Formatting and settings are accessible on a dynamic basis depending on what block type you’re working on. You also still have all the general ‘meta’ elements and settings from the old editor.
Gutenberg is currently available as a beta plugin, which we’ll look at more later on. It’ll remain a plugin until it gets added into core with WordPress 5.0. At the time of writing, this is scheduled for release on 19th November, but this could be pushed to January 2019 as the final few kinks are worked out.
So far, the beta version of the plugin has evolved rapidly, and now contains pretty much everything we’ve been promised since the project’s beginning. We like the flexible block-based approach, and the clean look of the new editor. However, while you can use Gutenberg on posts and pages, you can’t use it for building site layouts yet. For that, you’ll still need to use a dedicated page builder.
The controversy surrounding Gutenberg
Earlier, we alluded to Gutenberg not receiving universal praise. It’s fair to say that discussions about the viability and quality of the new editor have been heated. While we’re not going to wade into that debate by picking a side, we can say that a lot of negative feedback came while the editor was in the early beta stages.
As the version numbers have increased, so has the number of fixed bugs, new features, and general tweaks to the plugin as a whole. As such, we’ve seen less new negative comments, and more positive feedback towards the recent versions of the Gutenberg plugin.
In fact, WordPress rival Drupal has adopted Gutenberg as their own content editor, and given it glowing reviews. In a nutshell, while there’s a (largely) healthy debate on the merits of Gutenberg, it’s here to stay regardless of any pushback.
How to start using Gutenberg
If you’re looking for a low-risk way of testing Gutenberg out for yourself, you can navigate to the dedicated page on the main WordPress website:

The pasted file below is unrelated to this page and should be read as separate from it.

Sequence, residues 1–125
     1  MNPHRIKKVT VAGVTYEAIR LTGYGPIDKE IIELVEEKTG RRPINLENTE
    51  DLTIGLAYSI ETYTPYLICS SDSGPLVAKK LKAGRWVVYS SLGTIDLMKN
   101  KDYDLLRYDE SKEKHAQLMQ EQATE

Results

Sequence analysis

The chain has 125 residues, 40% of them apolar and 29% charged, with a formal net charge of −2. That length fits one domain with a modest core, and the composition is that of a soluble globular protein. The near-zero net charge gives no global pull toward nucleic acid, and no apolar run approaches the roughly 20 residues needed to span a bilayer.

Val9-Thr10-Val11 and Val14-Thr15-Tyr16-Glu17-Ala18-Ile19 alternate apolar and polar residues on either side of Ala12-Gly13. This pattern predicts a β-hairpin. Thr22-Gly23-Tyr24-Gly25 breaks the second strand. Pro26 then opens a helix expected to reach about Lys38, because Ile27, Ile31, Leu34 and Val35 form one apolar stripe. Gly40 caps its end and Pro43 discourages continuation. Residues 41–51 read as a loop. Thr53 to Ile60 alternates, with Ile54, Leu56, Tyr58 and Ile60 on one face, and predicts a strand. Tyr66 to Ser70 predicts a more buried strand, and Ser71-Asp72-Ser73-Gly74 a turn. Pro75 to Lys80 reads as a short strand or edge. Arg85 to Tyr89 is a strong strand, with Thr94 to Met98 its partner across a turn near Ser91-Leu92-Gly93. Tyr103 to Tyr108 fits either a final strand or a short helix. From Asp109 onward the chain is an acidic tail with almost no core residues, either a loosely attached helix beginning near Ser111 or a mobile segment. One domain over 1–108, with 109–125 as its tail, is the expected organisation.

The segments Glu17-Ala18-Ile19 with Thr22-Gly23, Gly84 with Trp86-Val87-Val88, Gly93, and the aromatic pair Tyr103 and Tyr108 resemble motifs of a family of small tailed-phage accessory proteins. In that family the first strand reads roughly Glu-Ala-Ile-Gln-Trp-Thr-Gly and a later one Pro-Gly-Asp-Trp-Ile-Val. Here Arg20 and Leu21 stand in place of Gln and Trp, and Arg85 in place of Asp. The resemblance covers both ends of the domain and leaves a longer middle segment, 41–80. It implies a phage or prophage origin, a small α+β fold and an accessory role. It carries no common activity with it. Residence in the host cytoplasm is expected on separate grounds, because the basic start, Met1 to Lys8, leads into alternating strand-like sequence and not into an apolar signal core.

This lets you play with the editor right from the front page, in exactly the same way as you can within your own site. If you do wish to use Gutenberg within a site setting, you’re able to do so by navigating through the callout that many users have seen within the dashboard:
Alternatively, you can simply download the plugin from the WordPress.org Plugin Directory. However, it’s important to remember that as a beta plugin it’s not yet suitable for live sites in any form. As such, you’ll want to install it only on staging or local environments.
Ultimately, you can only decide how you feel about Gutenberg by taking it for a test drive. If you find it’s not yet up to your standards, you can still use the classic editor. However, we recommend you keep an open mind with Gutenberg, as it will continue to grow and improve.
You may feel that there’s little need for change in how you write content for your blog. This will be especially true if you’re a long-term WordPress user. However, the TinyMCE editor is fighting a battle on two fronts – against page builder plugins and other site builder platforms. This means change is needed in order to survive.
Gutenberg is WordPress’ answer. It’s an editor using ‘blocks’ to create page content. While we like it, others have been more resistant to this change. Regardless, Gutenberg is here to stay, and promises a more flexible and modern way of creating content for your blog going forward.
Are you excited by Gutenberg, or should it be consigned to the scrapheap? Tell us your opinions in the comments section below.